The challenges of a highly casualised and insecure aged care workforce have been emphasised during the COVID-19 pandemic, an inquiry into job security has heard this week.

The Senate Select Committee on Job Security held a public hearing on 19 April into the insecure working arrangements in aged care and its impact on the spread of COVID-19 in aged care facilities.

The inquiry heard that several aged care providers operate a model with many part-time and casual employees, which often leaves people with insecure work and multiple jobs.

It also contributed to the transmission of COVID-19 to aged care homes, the inquiry heard.

Australian Nursing and Midwifery Federation federal secretary Annie Butler said staffing shortfalls were particularly evident during COVID-19.

“We see that workers have to have multiple jobs because they cannot get the hours of work at one facility or even two facilities. We found in the pandemic that sometimes some of our members had up to four jobs to try and get enough income to survive. We all know what the effects of that were,” Ms Butler told the inquiry.

It makes it “extremely difficult” for aged care staff to provide adequate care in short contract hours, she said.

Annie Butler

“It is just not possible to deliver all the care that is required for particularly residents in nursing homes… in the time that they have available,” Ms Butler said.

“Our members are willing to work more. We know that they want to work more.”

She said more than half of members surveyed last year during the COVID pandemic reported they would work more hours if offered.

Victorian enrolled nurse Paul Bott also gave evidence at the inquiry. He has been working with a nursing agency since a recent redundancy from a part-time role at a non-government aged care after eight years.

“I’ve been trying to pick up shifts where I can and within the first week of being employed with this nursing agency, I only had two shifts for that week and for me, that’s not enough… I’m renting with my wife and three kids. So trying to live on two shifts a week… doesn’t quite cut it,” Mr Bott told the inquiry.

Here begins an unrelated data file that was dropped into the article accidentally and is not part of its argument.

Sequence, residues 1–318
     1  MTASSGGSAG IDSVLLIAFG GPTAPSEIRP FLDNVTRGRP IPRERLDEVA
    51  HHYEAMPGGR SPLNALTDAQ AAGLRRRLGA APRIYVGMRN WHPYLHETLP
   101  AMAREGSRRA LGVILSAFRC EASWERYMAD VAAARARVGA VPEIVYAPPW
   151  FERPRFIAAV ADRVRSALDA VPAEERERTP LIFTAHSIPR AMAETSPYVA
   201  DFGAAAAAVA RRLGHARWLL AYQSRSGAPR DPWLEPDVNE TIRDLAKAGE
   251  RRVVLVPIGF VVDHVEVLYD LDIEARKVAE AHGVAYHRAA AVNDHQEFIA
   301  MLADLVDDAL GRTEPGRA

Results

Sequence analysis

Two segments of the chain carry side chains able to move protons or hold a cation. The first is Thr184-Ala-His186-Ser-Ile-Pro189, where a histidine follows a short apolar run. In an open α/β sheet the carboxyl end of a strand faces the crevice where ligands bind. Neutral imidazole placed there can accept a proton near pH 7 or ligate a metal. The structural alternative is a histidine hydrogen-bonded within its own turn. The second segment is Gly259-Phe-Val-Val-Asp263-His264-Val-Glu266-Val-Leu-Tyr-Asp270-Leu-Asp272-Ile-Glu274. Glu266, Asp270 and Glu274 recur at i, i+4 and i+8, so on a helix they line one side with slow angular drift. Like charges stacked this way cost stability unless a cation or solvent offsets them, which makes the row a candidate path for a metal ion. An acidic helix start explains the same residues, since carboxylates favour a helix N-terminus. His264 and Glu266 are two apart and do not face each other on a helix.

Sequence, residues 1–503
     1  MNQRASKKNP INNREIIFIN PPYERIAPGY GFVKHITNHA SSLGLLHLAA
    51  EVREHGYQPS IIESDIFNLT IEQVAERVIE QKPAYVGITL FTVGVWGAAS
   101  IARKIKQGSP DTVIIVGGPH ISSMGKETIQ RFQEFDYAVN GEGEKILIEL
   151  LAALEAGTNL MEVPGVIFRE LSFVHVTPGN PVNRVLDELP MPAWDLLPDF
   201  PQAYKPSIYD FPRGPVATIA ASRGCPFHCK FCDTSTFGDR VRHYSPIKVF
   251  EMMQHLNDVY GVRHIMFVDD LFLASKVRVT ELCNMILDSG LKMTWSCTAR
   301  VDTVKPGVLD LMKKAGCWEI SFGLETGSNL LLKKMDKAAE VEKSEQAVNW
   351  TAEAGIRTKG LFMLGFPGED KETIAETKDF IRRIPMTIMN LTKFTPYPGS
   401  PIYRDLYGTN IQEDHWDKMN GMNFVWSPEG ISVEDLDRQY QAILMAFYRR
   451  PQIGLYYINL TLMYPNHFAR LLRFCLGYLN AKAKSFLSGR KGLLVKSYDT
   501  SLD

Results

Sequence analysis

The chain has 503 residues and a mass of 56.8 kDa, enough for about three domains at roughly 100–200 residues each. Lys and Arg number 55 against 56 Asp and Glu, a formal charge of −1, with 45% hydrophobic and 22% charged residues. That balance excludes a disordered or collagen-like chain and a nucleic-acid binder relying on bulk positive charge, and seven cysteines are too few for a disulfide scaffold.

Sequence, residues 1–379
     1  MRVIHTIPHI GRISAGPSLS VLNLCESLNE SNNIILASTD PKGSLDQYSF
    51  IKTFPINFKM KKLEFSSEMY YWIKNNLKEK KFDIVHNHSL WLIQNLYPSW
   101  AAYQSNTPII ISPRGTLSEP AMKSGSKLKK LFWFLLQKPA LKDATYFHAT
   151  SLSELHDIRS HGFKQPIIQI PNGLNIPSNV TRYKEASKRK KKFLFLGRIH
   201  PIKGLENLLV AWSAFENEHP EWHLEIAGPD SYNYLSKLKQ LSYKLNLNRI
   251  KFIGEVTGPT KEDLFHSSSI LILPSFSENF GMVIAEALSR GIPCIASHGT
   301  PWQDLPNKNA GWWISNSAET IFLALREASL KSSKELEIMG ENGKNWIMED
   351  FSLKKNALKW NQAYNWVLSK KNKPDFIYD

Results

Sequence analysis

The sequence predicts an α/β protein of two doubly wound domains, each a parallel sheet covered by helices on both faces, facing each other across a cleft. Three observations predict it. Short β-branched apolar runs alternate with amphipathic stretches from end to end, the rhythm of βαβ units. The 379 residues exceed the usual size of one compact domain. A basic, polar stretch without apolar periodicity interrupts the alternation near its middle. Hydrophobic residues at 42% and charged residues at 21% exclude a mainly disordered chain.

He said staffing shortfalls and missed care became more prevalent during the second wave of COVID-19 outbreaks in Victoria.

“During the second wave people could only work at the one site and … there were significantly less hours than what [staff] were used to. And because of that, we didn’t have enough staff at the facility because they decided to work at their main facility that they worked at,” he said.

“So that other nursing home lost that staff [and] during that period… there was significantly less staff. And we were told to work longer to [keep staff at a basic level],” he said.

“Things do get missed, wounds don’t get looked out for days and it creates a snowball effect in a way with the care that’s being missed by others,” he said.

Model suits providers

ANMF assistant federal secretary Lori-Anne Sharp said a majority of the care workforce work part-time and it has become the preferred employment model for many providers because it is easy for them to flex staff hours up or down.

“We’ve got members who might be on for 16 hours per fortnight that routinely work above 32 hours and will do that for years,” Ms Sharp told the inquiry

“That’s the problem there… they use an employment model that suits them and gives all the power imbalance to them because they’re able to flex up the hours at a whim,” she said.

Jess Walsh

Low paid, insecure jobs a “disgrace”

In a doorstop interview before the inquiry, Senator for Victoria Jess Walsh said aged care workers do not have enough work to do their jobs or support themselves.

“They don’t have enough hours of work to care for the residents that they want to do a great job for. And they don’t have enough hours of work to support themselves and their families in the way that they would like to.

“It is an absolute disgrace that we are organising aged care in this country on low paid, undervalued and insecure jobs,” Ms Walsh said.

Tony Sheldon

Senator for New South Wales Tony Sheldon called on the government to address insecure work.

“What we’ve got to see is that the government needs to take seriously the plague and pandemic of insecure work that we saw in the economy before COVID and then turbocharged as a result of COVID,” Mr Sheldon said.

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